BAE Systems has sidestepped security rules with its new sourcing system. Malcolm Wheatley blogs.
What does a manufacturer do when barred by government rules from using its preferred sourcing solution? That was the quandary faced by defence manufacturer BAE Systems.
A long‑time user of Exostar’s cloud‑based e‑sourcing solution, SourcePass, BAE wanted to leverage SourcePass for its Type 26 frigate development programme for the Ministry of Defence.
But SourcePass is hosted on servers located in the United States, and because of the sensitive nature of the Type 26 programme, UK government regulations mandated that all applications and data associated with the programme be hosted on UK‑based servers, thereby sidelining SourcePass.
Nothing loath, Exostar worked with BAE to deploy a new SourcePass instance on a secure BAE Systems server in the located in the UK.
And to further enhance security, it connected the UK SourcePass instance to its Managed Access Gateway to allow BAE Systems to administer and grant access to the system; and provided BAE with ‘one‑time password’ hardware tokens that it could issue to its suppliers and customers to enable confirmation of user identities with strong two‑factor authentication.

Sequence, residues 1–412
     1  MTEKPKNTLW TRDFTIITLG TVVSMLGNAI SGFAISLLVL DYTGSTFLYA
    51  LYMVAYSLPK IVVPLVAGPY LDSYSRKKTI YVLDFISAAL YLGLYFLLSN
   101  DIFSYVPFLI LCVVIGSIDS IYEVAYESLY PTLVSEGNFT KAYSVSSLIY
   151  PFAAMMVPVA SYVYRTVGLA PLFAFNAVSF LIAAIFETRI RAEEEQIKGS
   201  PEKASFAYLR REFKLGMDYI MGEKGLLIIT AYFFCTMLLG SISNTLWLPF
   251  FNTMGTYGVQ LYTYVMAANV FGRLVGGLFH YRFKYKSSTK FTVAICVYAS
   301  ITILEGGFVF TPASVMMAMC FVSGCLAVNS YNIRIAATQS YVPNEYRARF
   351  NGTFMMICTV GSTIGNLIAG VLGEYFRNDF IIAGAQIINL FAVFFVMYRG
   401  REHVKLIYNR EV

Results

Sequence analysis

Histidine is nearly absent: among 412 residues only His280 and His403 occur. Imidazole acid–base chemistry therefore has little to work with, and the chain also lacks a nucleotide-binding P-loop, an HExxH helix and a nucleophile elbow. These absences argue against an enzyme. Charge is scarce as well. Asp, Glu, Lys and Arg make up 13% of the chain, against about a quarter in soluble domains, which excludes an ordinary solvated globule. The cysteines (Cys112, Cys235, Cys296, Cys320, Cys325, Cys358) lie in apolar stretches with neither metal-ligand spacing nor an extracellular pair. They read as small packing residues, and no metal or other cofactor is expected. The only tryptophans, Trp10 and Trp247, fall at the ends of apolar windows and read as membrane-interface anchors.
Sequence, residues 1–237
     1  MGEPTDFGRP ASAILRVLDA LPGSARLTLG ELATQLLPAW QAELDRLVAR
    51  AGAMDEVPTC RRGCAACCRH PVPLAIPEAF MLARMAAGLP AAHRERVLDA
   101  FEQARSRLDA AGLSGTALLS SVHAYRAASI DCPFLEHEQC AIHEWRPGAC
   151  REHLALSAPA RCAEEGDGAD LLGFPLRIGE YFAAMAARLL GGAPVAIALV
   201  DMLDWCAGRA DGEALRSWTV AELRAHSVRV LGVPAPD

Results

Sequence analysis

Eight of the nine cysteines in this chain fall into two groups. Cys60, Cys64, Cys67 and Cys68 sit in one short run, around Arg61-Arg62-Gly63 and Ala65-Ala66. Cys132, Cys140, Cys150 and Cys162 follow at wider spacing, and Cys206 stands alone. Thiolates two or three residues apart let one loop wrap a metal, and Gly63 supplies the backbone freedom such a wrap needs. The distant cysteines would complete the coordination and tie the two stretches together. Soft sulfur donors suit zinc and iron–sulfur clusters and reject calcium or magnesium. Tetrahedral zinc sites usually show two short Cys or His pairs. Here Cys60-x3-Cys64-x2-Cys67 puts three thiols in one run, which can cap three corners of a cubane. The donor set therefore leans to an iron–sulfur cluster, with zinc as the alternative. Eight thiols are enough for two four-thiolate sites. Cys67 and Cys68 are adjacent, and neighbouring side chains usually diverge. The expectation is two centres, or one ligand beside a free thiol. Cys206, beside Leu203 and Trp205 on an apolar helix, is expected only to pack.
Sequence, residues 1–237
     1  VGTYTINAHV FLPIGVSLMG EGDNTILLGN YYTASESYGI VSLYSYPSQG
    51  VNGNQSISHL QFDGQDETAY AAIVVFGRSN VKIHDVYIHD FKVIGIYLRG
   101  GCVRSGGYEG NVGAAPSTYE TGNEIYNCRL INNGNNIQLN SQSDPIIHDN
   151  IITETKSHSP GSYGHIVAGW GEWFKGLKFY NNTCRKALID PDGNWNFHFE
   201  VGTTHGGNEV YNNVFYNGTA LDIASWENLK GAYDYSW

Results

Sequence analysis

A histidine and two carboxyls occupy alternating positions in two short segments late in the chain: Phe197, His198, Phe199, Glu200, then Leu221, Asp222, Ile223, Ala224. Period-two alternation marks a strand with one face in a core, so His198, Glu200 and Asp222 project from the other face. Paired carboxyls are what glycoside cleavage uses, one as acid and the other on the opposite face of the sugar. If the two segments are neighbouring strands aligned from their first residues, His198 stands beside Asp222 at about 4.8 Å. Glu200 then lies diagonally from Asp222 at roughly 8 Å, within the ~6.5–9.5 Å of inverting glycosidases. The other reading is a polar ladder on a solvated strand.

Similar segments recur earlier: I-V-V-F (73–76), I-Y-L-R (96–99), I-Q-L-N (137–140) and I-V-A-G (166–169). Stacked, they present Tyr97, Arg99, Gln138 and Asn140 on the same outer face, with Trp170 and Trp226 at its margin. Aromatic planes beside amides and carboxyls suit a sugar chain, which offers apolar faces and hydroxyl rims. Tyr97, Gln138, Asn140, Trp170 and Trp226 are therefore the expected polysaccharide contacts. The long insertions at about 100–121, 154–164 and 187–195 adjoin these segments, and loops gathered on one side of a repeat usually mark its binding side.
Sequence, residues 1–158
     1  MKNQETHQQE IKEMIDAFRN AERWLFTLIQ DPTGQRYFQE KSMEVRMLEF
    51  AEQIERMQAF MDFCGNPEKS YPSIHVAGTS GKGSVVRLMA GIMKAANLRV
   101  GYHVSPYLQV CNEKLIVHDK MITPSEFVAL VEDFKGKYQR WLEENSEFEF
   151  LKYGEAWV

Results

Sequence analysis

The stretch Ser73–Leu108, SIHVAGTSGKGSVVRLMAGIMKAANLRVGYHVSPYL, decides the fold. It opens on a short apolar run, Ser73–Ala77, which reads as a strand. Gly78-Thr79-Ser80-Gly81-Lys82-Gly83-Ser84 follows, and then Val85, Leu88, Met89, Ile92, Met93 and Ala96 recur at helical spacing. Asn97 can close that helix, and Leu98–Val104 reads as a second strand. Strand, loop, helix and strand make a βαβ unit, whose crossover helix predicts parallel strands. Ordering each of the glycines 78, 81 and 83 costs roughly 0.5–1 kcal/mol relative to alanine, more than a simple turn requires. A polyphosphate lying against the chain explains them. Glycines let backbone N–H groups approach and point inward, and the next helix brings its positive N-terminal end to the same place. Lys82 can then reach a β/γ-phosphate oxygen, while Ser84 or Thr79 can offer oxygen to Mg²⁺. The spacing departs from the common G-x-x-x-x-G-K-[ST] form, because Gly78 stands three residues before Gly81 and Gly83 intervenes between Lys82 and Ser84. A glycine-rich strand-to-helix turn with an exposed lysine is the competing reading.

The result? A continuation of the ability to use its preferred sourcing tool, and a BAE Chairman’s Award for the joint BAE-Exostar team in recognition of the work put in to develop the UK instance.
“The Chairman’s Award is a testament to the highly‑collaborative effort between BAE Systems and Exostar to overcome a challenge and bring the right solution to bear,” says Elliot Webber, supply chain lead, Project BOLT eSourcing at BAE Systems.
“Without SourcePass, we were looking at a longer sourcing process where governance would be more difficult to enforce.”
Instead, BAE has found a way to realise the advantages of SourcePass in a restricted environment. Its ingenuity will benefits internal operations, the company’s customer and its suppliers.